LEX CANIS THE Lee Berlin Kyle Killam
Abolish the 7th Place Trophy Learn to Love the Loss
There’s a moment I’ll never forget. I was at the awards ceremony my Freshman year for a high school debate tournament I had just competed in. The top seven “winners” would get to move on to compete for the state title, so, needless to say, I was excited. I ended up making it by the skin of my teeth — I got seventh place. That’s not what’s memorable about the experience, though. I look back on this little ceremony with bemusement because of how much my mom cheered for her bottom-ranking son and because I was handed a framed certificate for my “accomplishment.” Just having the event’s presenter announce I was going to the next round would have been fine. Was I supposed to feel good about seventh place?
I bring this up because I’ve heard a lot of talk about “participation trophies” going around and how they’re an invention of the millennials. I disagree. I think that as long as there have been parents, people have wanted to keep their kids from losing, even if it meant declaring, “Everyone’s a winner.” It’s a natural inclination; we want our children to have it better than we did. However, whether because of technology or societal shifts, this kind of “never lose, no pain” parenting has become far more common. I was reminded of this recently while I was interviewing interns. We met with plenty of young, bright professionals, but there were a few who seemed to think they had a shoe in the door. They turned in their resume and showed up for an interview, right? Don’t they deserve a job? I found myself in the perplexing position of having to deliver what felt like these young adults’ first real losses. Not that I’m a pessimist, but the world probably should have let them down once or twice before this, right? What I mean to say is that failure is an important part of life. It helps us figure out what our talents are and where to spend our energy. Sure, I got seventh place at that debate tournament, but I still made it out of regionals. The taste of near-defeat drove me to sharpen my skills and become an expert debater. On the flip side, when I came in dead last at a junior high track meet, I was pretty sure I was never going to the Olympics.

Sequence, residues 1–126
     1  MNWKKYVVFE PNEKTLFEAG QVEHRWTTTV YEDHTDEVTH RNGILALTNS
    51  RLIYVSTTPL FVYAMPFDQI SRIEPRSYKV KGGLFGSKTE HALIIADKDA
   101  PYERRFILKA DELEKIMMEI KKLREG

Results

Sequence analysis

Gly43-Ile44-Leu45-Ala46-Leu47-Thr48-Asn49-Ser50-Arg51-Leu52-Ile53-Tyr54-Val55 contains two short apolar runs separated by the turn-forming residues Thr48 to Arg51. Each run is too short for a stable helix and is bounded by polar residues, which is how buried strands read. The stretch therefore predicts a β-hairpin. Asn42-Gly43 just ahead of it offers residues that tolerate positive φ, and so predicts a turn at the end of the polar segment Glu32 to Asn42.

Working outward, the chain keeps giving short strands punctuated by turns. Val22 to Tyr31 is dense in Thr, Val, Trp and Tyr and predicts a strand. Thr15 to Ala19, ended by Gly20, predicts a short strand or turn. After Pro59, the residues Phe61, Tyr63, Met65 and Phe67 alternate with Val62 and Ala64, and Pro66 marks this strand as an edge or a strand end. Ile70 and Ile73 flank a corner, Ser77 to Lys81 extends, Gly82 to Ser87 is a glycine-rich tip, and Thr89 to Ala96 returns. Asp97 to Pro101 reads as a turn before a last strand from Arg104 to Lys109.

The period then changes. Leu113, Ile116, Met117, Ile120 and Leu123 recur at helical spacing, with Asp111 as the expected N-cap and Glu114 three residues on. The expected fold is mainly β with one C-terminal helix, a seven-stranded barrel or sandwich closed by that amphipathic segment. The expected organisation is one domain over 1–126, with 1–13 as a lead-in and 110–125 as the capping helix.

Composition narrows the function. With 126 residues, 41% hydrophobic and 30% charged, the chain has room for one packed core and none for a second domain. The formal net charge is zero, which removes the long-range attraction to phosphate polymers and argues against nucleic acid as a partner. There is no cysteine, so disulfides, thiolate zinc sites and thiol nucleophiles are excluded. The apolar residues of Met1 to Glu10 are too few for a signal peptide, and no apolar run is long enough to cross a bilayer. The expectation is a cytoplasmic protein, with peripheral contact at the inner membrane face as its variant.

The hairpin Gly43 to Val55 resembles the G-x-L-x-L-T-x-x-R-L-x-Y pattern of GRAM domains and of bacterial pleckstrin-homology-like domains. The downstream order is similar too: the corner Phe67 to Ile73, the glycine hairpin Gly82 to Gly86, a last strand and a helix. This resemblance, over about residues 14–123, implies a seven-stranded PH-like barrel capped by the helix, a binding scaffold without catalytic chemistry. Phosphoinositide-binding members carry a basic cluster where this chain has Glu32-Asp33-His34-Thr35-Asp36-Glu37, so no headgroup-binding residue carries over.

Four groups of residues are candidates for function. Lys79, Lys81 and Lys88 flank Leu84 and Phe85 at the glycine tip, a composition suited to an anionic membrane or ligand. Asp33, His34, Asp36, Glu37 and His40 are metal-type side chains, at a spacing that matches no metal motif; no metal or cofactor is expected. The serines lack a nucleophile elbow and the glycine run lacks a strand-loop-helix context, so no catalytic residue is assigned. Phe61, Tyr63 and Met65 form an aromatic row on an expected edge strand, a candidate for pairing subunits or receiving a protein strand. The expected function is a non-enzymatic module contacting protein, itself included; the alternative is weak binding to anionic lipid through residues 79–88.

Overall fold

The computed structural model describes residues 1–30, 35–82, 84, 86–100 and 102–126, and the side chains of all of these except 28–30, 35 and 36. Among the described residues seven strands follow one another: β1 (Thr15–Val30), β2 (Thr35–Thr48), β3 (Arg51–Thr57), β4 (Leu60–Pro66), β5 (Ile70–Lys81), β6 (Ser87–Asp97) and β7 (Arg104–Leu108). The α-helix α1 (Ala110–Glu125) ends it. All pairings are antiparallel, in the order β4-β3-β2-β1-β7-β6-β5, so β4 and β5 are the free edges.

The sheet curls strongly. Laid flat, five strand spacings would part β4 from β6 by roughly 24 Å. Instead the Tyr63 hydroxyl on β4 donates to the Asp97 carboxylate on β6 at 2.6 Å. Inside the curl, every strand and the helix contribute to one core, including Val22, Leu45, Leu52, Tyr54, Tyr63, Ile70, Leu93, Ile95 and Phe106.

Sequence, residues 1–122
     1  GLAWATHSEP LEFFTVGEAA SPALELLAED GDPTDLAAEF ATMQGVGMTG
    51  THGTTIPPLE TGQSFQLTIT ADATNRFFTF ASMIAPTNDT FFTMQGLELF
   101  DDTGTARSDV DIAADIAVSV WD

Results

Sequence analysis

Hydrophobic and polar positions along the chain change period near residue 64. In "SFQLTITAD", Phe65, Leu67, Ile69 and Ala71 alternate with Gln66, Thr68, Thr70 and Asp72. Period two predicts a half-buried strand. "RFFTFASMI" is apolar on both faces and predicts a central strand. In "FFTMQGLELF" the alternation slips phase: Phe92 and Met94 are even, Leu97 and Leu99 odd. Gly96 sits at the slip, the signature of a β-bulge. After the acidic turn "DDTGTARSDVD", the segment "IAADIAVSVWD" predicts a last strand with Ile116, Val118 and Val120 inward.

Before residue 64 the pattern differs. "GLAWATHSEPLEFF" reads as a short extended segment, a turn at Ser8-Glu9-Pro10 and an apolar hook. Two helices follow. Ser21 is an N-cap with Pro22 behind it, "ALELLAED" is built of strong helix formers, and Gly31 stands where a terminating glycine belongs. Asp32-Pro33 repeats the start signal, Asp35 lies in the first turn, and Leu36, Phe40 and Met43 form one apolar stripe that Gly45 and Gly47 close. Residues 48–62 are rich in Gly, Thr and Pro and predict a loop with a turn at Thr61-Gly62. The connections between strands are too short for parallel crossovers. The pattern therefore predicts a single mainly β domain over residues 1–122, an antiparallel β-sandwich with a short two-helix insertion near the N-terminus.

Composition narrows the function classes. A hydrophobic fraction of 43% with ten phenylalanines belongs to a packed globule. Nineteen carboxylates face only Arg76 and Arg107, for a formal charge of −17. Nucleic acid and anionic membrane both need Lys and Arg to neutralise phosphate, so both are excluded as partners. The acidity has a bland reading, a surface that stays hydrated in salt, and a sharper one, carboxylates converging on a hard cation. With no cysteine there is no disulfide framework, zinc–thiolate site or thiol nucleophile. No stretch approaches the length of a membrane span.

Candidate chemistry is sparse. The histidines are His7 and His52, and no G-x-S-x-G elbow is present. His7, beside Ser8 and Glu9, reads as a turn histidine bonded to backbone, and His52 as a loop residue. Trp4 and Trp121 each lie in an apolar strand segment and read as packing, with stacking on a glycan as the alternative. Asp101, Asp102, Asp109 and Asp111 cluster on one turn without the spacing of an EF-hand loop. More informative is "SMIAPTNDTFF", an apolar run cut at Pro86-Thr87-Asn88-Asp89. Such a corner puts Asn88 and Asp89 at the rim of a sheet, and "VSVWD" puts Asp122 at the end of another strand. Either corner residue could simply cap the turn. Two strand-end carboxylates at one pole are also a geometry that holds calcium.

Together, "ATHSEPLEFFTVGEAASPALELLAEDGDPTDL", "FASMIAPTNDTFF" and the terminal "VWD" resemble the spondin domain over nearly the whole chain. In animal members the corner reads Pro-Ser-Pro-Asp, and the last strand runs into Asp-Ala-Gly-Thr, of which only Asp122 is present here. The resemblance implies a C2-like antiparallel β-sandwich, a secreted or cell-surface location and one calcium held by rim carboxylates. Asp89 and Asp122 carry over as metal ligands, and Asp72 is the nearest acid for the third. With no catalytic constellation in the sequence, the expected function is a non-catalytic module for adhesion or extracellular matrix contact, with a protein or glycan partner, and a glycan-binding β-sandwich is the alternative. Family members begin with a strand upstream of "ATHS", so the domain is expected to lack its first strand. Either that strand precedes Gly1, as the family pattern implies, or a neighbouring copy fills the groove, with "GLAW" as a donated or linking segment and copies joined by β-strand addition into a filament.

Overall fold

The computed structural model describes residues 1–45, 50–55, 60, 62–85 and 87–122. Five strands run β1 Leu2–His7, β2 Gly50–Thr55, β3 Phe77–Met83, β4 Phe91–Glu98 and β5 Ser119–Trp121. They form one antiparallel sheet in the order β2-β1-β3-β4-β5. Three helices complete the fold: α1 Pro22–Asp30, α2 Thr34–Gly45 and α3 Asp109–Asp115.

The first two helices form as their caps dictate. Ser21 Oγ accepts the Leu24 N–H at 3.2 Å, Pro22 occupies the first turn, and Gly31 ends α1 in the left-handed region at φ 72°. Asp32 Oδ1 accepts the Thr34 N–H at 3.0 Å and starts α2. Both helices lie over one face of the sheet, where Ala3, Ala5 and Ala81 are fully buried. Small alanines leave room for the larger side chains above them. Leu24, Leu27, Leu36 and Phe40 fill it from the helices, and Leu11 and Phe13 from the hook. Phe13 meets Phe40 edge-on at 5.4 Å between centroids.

So, my message to parents out there is to reframe your view of failure. Removing adversity for your kids now is only going to create greater challenges for them later in life. Give them enough rope to make mistakes, and, when they do, hold them accountable. Chances are, they’ll learn far more from the experience than if you’d swooped in to save them at the last second.
“They’ll learn far more from the experience than if you’d swooped in to save them at the last second.”
1 Berlin Law Firm • DefendingTulsa.com didn’t have downs. If we ate lobster for dinner every day, it might as well be oatmeal. So, if you’ve taken a loss recently, then, no, I’m not going to give you a trophy. But you can bet I’ll be rooting for you to stand up and be prepared to take it on the chin again. It’s life, and it’s awesome! – Lee Berlin Losing is not a bad thing. It’s something we all have to face now and again, and believe it or not, our lives are richer for it. Loss gives life context — we’d never have ups if wewww.defendingtulsa.com
Made with FlippingBook - Online Brochure Maker